Home » Budget Industry » Wicker, McCain Introduce Surface Navy Reform Bill

Wicker, McCain Introduce Surface Navy Reform Bill

A wave crashes over the forecastle of the Arleigh Burke-class guided-missile destroyer USS Carney (DDG-64) while underway in the Mediterranean Sea on Jan. 22, 2018. US Navy Photo

Two top Senate Armed Services Committee Republicans have introduced legislation that covers a wide swath of Navy-suggested reforms for the surface forces.

Introduced by Sen. Roger Wicker (R-Miss.) and co-sponsor SASC chariman Sen. John McCain (R-Ariz.), the Surface Warfare Enhancement Act of 2018 builds off the conclusions of the Navy’s Comprehensive Review of Recent Surface Force Incidents and the Navy Secretary’s Richard V. Spencer Strategic Readiness Review following the fatal collisions of guided-missile destroyers USS Fitzgerald (DDG-62) and USS John S. McCain (DDG-56) in 2017 that killed a total of 17 sailors.

Sen. Roger Wicker (R-Miss.)

“Our commanders and sailors have been calling for meaningful reform,” Wicker, the SASC seapower subcommittee chairman, said in a statement.
“Overextended and undermanned ships, overworked crews, fewer officers with naval mastery, and confusing chains of command have contributed to a decline in our naval power. My legislation – based on the Navy’s own recommendations – is specifically designed to address these and other challenges. Although I have confidence in the Navy’s leadership, I believe Congress needs to play an active role in helping them to succeed in this endeavor.”

The bill addresses a laundry list of issues that created the conditions that led to the collisions. Those include unfettered requests for naval power from combatant commanders, lack of clear command structure for the surface force, an especially high operational tempo in forward-deployed forces and surface warfare officers aboard that have less time driving ships than previous generations.

The almost 20 provisions include a complete review of the Navy’s command and control structure, requiring surface sailors to keep a log book of their bridge time, a change to the so-called up-and-out rules that would keep experienced mid-level officers in the service longer, and the authority for a service chief to delay the start of a deployment if the ship or strike group cannot prove it is ready.

Other provisions include providing an unclassified annual report of the Navy’s the Board of Inspection and Survey (INSURV). The Navy, following an embarrassing string of unsatisfactory results in 2008, classified the reports.

Some on the House side have also called for declassifying INSURVs.

“During peacetime, INSURVs should be declassified, and that makes sure there’s transparency there that we know what’s going on,” House Armed Services seapower and projection forces subcommittee chairman Rep Wittman (R-Va.) said earlier this year.
“That creates, again, that direction, that focus to make sure that maintenance is being done, maintenance availabilities aren’t being missed, material readiness is being maintained. All those things are critical.”

While the bill is specific about some provisions, like giving aspiring surface warfare officers time underway on six Navy Yard Patrol Craft (YPs) at the Surface Officer School Basic Division Officer Course, it’s vaguer on other suggestions like command and control.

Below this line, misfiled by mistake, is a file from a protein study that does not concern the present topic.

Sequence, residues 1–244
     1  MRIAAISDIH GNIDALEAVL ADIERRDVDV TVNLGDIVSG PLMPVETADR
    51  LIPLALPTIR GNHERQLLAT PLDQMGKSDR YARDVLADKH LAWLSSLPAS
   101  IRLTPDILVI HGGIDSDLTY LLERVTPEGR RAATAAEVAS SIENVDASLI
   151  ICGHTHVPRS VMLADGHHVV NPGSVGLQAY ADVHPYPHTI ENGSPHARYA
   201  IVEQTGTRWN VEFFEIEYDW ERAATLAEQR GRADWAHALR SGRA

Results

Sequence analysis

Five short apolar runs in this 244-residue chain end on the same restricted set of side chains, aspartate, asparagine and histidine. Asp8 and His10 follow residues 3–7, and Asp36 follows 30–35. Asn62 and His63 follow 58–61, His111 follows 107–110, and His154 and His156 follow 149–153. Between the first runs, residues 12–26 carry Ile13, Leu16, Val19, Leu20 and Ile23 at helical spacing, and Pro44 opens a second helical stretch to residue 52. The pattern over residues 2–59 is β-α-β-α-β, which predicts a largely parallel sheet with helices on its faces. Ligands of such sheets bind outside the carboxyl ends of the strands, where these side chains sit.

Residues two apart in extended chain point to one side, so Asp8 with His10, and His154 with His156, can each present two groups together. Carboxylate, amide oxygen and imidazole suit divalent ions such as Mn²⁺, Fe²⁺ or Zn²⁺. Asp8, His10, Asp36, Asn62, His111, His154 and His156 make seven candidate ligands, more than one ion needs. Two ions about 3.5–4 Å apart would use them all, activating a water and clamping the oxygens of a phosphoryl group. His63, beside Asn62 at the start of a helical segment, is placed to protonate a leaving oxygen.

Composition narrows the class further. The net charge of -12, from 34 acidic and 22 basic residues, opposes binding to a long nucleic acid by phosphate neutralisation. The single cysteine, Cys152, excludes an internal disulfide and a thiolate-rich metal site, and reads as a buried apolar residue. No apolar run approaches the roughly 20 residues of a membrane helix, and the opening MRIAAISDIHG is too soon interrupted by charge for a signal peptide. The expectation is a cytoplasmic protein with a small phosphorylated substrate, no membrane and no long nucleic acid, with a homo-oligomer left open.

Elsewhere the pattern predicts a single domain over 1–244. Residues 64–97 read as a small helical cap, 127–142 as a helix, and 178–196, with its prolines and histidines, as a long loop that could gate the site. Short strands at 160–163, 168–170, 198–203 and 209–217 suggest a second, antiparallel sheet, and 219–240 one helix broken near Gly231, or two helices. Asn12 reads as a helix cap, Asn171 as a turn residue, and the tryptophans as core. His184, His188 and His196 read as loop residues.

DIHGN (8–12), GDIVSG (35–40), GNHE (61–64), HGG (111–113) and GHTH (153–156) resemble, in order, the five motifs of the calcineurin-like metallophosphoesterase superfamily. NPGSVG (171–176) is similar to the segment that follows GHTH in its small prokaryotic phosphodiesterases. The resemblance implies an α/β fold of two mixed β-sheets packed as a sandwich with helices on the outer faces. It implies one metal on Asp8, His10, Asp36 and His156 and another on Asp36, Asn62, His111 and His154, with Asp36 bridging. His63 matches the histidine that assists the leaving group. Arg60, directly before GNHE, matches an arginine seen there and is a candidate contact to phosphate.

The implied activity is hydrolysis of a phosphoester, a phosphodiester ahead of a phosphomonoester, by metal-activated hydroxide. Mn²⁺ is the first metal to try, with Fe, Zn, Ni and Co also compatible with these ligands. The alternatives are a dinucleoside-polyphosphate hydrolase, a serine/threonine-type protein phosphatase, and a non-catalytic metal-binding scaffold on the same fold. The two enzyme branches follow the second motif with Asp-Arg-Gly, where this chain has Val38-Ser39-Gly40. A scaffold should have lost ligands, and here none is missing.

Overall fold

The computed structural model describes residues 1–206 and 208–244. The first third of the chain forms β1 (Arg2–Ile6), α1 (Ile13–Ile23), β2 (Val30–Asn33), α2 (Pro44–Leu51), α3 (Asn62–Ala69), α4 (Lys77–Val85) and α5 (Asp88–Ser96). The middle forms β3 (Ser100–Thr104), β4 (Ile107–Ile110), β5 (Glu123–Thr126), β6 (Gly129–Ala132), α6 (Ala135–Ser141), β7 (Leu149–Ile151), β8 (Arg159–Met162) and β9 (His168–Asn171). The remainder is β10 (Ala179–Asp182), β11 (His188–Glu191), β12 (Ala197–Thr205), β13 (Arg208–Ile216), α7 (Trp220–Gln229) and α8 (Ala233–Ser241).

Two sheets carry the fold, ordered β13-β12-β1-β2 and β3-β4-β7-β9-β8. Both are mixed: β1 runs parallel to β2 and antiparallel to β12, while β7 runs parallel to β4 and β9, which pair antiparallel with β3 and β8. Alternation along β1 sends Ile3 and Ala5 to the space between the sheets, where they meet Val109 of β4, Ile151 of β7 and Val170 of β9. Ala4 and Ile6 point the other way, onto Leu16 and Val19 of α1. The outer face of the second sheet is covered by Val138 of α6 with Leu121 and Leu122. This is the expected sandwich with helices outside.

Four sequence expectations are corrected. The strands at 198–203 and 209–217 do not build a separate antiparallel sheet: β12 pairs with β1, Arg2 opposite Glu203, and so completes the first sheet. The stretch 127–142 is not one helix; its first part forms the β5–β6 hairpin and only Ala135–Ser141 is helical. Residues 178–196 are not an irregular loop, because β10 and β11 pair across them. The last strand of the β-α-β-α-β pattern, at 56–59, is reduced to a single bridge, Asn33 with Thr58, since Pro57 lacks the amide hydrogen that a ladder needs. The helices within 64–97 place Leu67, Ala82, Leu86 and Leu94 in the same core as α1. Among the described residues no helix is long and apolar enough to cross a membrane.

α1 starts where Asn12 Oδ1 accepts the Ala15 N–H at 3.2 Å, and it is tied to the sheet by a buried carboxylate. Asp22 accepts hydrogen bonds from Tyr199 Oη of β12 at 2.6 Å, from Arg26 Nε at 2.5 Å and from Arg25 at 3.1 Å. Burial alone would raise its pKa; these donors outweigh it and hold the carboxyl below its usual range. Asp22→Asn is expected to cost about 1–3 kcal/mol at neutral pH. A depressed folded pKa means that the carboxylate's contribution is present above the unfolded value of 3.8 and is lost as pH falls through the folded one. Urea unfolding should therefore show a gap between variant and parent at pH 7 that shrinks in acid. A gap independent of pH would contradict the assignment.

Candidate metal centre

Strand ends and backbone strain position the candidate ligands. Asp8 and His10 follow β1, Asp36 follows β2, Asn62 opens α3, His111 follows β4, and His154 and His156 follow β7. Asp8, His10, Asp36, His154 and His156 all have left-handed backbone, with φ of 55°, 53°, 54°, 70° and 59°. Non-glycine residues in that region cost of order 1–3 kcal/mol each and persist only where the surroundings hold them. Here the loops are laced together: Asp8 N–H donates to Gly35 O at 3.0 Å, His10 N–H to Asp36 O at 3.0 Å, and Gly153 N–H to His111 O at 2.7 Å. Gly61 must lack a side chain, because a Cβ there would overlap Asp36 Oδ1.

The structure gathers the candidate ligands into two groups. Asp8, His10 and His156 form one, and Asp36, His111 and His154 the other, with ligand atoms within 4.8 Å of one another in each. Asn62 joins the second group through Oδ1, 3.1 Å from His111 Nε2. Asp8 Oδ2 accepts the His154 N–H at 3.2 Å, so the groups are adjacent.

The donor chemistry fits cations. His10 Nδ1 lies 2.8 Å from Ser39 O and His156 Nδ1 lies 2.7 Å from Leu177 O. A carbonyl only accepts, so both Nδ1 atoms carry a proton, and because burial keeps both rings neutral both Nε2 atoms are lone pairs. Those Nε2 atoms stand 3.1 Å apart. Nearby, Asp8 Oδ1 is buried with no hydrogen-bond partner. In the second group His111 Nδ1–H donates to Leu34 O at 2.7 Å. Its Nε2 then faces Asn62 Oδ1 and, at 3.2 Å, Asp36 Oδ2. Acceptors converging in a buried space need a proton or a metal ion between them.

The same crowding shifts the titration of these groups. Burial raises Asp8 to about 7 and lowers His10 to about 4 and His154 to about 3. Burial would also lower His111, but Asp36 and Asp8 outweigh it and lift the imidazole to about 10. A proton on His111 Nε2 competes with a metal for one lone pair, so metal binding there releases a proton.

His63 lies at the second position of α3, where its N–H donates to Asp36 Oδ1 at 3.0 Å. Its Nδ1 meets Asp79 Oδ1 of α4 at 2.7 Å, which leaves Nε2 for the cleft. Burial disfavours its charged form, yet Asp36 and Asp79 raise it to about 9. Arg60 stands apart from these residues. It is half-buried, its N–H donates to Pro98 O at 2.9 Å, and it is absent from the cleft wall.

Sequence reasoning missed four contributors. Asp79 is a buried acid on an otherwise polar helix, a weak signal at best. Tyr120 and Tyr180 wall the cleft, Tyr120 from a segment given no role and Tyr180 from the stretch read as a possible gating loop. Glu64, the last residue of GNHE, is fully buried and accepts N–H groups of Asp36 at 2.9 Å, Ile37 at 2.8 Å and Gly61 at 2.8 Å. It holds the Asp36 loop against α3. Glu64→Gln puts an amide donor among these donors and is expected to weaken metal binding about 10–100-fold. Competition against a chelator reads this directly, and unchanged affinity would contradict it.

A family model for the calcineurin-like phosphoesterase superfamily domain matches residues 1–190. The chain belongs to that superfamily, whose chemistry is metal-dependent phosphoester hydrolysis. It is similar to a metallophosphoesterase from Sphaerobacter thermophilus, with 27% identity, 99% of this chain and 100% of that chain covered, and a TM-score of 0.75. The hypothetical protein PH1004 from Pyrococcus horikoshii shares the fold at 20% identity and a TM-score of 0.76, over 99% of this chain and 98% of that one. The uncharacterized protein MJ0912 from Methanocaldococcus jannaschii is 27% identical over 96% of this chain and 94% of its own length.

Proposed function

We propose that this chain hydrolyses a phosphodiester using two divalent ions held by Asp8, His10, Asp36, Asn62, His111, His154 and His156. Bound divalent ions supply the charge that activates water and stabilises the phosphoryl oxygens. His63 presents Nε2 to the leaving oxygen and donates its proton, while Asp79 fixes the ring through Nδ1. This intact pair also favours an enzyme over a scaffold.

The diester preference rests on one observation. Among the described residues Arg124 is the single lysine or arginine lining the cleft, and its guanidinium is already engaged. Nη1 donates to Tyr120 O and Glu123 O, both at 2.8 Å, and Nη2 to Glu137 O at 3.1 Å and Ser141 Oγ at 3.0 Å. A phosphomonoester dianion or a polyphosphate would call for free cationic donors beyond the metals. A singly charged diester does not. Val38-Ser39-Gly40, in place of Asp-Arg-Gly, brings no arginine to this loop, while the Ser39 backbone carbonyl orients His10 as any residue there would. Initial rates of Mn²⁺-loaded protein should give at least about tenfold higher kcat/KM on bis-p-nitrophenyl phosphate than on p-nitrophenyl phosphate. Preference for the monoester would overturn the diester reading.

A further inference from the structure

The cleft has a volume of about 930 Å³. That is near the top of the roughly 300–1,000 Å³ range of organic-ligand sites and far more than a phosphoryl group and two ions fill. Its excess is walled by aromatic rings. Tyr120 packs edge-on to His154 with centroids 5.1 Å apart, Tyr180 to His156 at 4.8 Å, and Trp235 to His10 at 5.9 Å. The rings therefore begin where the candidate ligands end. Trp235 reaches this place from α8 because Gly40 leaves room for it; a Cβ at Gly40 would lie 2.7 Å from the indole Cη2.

Some in the House are keen on stripping the responsibility for manning, training and equipping ships in the Pacific from local commands and consolidating that authority to a fleet-wide central point on the East Coast. However, Wicker and McCain’s bill doesn’t take the so-called Inouye Amendment head on and instead calls for a complete command and control review from the Secretary of the Navy.

When reached by USNI News on Monday, a Navy spokeswoman declined to comment on the legislation.

Sen. John McCain (R-Ariz.) speaking at the 2016 Arizona Manufacturing Summit at the Arizona Biltmore in Phoenix, Arizona on Oct. 16, 2016. Gage Skidmore photo

Regardless of the process for the reforms, McCain said Monday, “the status quo is unacceptable.”

“As we have seen too often in recent months, the significant shortcomings in our Navy’s readiness can have disastrous results,” McCain said in a statement.
“The ship collisions… degraded the capabilities of our fleet, cost hundreds of millions of taxpayer dollars, and – most importantly – took precious lives. The status quo is unacceptable. Congress must provide the funding and oversight required to keep our military safe in peace and effective in combat.”

  • So says McCain, near the bottom of his class at the USNA. How can he introduce a bill when he cannot even vote because of his cancer? Talk about fresh blood, he needs to resign and just watch the setting sun. The surface Navy is in trouble because of piss poor leadership from the top down. Start with the CNO and clean house. Clean out the chief’s messes also. Too many politicians worry about their advancement and not enough worrying about their ships and their shipmates. MMCS(SW)(SS) USN Ret.

    • publius_maximus_III

      Two words: wet start.

    • Michael Moore

      Lots of pointless generalities in your comment. Why bother?

  • Lazarus

    Congress has acted in circumstances like this before, but perhaps they should wait until SECNAV’s and the various flag reviews have stalled? Where is the bill on aviation hypoxia issues?